Page 12 - Scene Magazine 45-08 August 2020
P. 12

   NOW that you’ve been working from home for several months you may have finally gotten into a routine and have found that you like it and that you are more productive. The reality is that you are not alone.
The remote environment has been a benefit to employers as well, for many reasons such as reduced overhead, especially large companies requiring less office space. Companies have learned to eliminate unnecessary meetings and replace them with group emails allowing workers to recoup that time for more productive activities.
Frankly, the flexibility that remote working offers can project your company toward the future but can also be easily abused by the worker. Companies
can increase the successfulness of
their remote workforce by intentionally creating a corporate culture that
rewards the creativity and productivity
of remote workers. Hiring well allows
for an alignment of business goals and expectations.
Working remotely began long before COVID-19. This pandemic has provided a unique opportunity to sharpen the skills needed to be successful. As companies prepare to transition to the new work environment that will remain there is no doubt that working from home will remain a viable option for some.
According to a report published by
Zapier on April 6, 2020, findings suggest that those that have transitioned to working from home feel good about the change in some ways, but still miss the office.
Among those who have transitioned to working from home in the past month:
• 65 percent feel their productivity has
increased now that they work from
• 80 percent say they can better manage
interruptions from coworkers now that
they work from home.
• 80 percent enjoy being able to see their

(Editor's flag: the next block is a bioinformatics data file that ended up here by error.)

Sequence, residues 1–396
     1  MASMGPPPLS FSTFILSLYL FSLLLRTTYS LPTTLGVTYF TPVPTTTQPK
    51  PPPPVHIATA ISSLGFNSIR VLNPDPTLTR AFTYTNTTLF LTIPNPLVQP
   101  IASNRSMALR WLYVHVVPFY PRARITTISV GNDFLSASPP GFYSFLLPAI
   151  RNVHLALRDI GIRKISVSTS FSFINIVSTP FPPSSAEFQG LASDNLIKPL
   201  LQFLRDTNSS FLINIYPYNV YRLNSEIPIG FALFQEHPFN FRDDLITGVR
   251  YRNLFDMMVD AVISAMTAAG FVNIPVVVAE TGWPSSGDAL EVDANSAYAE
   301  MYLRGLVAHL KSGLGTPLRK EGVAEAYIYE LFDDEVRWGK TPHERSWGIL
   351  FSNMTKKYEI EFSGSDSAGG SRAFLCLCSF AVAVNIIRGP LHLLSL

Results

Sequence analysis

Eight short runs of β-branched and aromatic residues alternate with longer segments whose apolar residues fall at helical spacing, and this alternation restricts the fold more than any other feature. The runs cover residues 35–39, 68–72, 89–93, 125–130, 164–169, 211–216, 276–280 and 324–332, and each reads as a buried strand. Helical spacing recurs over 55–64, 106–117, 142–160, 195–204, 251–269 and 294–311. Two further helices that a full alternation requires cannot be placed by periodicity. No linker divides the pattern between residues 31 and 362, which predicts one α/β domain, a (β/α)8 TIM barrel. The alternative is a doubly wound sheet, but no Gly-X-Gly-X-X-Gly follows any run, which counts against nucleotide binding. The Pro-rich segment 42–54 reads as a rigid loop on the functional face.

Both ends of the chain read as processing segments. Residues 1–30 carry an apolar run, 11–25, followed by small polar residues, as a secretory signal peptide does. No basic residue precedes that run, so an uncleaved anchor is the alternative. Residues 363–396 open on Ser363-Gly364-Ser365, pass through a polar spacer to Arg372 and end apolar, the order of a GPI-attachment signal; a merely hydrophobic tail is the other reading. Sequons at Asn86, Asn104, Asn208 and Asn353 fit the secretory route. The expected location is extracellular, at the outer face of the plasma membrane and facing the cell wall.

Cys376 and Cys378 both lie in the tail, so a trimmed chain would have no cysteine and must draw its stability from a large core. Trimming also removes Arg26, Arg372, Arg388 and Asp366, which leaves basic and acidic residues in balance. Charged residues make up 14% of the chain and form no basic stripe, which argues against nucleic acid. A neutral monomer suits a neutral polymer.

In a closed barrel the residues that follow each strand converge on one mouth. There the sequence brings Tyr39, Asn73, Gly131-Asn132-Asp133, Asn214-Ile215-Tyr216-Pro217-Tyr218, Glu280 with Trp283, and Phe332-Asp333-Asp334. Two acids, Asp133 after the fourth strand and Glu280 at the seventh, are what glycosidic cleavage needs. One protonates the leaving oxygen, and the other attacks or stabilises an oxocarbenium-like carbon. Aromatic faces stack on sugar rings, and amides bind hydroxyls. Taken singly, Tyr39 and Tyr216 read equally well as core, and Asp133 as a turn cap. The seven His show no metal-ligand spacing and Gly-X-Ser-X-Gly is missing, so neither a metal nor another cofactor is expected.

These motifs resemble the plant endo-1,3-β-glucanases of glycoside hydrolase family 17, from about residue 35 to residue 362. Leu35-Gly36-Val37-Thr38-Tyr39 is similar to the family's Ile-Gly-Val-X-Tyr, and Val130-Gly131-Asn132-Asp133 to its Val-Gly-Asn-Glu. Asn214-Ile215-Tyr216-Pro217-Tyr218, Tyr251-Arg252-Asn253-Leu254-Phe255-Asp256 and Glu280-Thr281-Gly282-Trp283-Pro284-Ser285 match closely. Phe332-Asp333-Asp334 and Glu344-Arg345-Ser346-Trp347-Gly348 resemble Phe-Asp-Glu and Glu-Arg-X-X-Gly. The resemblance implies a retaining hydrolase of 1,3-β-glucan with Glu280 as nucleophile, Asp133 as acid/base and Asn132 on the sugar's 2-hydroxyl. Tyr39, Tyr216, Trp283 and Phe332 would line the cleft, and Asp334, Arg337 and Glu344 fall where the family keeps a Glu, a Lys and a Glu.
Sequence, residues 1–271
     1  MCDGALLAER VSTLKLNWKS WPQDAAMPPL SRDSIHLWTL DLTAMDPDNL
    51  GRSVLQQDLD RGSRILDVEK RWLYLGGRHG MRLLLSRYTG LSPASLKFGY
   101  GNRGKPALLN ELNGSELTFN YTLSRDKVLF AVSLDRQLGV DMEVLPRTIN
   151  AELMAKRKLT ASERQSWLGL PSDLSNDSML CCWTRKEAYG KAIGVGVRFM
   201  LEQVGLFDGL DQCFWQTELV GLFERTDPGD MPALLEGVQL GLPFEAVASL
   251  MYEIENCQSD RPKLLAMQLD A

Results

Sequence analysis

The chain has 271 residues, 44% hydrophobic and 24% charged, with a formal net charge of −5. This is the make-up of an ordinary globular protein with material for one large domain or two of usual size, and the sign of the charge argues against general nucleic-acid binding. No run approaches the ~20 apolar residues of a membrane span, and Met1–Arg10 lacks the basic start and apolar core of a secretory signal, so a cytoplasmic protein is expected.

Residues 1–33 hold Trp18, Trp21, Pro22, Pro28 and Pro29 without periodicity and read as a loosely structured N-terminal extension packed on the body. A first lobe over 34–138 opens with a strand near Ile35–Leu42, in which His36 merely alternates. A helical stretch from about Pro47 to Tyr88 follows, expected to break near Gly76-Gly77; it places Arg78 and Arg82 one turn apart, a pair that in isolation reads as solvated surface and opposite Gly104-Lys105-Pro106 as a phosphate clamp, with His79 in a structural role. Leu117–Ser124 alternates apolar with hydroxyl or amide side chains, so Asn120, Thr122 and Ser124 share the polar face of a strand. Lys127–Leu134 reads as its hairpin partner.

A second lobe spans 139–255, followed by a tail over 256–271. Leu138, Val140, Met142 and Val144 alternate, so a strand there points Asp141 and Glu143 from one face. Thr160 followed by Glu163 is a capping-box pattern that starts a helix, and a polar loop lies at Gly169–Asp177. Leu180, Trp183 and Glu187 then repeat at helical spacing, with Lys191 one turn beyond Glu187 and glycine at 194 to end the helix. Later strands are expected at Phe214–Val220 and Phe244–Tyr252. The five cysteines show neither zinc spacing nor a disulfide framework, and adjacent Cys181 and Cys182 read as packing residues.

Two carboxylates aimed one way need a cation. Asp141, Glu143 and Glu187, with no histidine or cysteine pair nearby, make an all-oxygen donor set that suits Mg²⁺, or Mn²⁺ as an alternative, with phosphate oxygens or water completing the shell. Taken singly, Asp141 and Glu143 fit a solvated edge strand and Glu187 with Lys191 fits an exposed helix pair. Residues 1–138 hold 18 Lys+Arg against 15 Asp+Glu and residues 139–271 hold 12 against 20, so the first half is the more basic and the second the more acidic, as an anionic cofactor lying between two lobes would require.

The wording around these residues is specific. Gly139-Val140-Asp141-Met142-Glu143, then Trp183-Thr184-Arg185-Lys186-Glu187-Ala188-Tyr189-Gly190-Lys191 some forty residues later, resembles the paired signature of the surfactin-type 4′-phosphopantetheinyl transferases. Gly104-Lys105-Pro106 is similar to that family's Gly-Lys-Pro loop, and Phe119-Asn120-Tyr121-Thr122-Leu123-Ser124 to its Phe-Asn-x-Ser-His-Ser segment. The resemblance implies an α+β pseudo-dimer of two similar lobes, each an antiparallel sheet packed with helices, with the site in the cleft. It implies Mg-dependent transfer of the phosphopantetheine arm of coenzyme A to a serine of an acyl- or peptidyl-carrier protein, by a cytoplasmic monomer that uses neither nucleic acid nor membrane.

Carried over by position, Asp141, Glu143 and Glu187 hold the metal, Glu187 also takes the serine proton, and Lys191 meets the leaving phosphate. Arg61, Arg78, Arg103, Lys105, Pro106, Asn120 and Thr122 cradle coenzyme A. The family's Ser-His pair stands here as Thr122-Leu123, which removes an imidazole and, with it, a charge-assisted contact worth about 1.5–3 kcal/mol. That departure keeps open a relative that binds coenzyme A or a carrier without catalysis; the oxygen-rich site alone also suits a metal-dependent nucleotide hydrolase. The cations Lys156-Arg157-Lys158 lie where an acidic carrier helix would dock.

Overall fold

family during the day now that they
work from home.
• 77 percent say they’re finding new
times to be productive outside of the
normal 9–5 hours.
• And yet, even with all of those seeming
advantages, 66 percent prefer working in the office or workplace over working from home.
Many companies will be finalizing remote working options for the future but many others will not. If your company does not plan to add the remote option you can still ask if you can continue
to work from home. Be prepared with data to give support to your request, which can increase your opportunity for success.
First realize that your boss may be skeptical. Zapier provides support as to why: Despite common conceptions
of remote work making it hard to track accountability, many Americans don’t feel pressure to be more productive or prove they’re working.
• 74 percent don’t feel pressure to be more productive.
• 71 percent don’t feel pressure to prove they’re working.
• 77 percent say their manager doesn’t expect them to respond instantly.
• 72 percent say they’re not checking in any more than usual with their team.
Next, get support from home. Communicate with others you live with, especially if they are planning to work remotely as well. How will you divide the home environment so you can both be productive in your separate work responsibilities? What happens if a child is sick? Who will care for them? How do you plan to keep confidential conversations confidential? Can you respect each other’s workspace? Or
if your partner will be returning to their office, questions regarding who will be responsible when children are sick still needs to be addressed.
Take time to really evaluate whether you actually want to work remotely, especially if all your co-workers will be heading back to the office, not to mention your partner heading back as well. Since everyone else will be back at work you will not be part of impromptu meetings,

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